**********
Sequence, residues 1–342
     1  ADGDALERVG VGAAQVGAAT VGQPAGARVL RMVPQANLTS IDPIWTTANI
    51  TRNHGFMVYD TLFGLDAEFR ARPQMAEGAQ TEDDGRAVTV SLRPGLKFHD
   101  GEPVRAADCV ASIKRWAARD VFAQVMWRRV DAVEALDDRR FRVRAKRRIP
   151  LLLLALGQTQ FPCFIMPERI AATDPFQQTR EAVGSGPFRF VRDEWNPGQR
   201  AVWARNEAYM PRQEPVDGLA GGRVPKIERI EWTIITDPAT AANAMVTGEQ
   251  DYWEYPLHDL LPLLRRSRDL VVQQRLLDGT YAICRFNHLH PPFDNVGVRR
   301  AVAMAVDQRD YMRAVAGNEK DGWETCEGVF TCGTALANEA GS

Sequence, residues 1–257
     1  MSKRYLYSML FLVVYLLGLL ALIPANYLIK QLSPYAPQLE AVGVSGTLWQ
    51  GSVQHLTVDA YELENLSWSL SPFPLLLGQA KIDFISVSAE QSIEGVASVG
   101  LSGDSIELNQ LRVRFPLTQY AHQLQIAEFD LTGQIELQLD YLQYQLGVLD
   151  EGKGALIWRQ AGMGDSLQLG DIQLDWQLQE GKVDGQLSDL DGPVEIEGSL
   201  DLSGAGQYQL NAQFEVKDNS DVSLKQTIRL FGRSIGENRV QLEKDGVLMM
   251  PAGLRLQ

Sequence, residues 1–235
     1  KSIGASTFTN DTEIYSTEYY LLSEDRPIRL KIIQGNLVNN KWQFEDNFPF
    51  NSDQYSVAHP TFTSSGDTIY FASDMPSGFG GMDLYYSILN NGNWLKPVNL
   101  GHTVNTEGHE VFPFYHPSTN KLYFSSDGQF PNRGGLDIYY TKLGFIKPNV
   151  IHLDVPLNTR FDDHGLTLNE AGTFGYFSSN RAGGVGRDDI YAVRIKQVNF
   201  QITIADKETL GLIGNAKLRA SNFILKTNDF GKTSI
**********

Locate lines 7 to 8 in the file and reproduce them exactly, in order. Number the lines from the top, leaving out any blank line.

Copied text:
   251  DYWEYPLHDL LPLLRRSRDL VVQQRLLDGT YAICRFNHLH PPFDNVGVRR
   301  AVAMAVDQRD YMRAVAGNEK DGWETCEGVF TCGTALANEA GS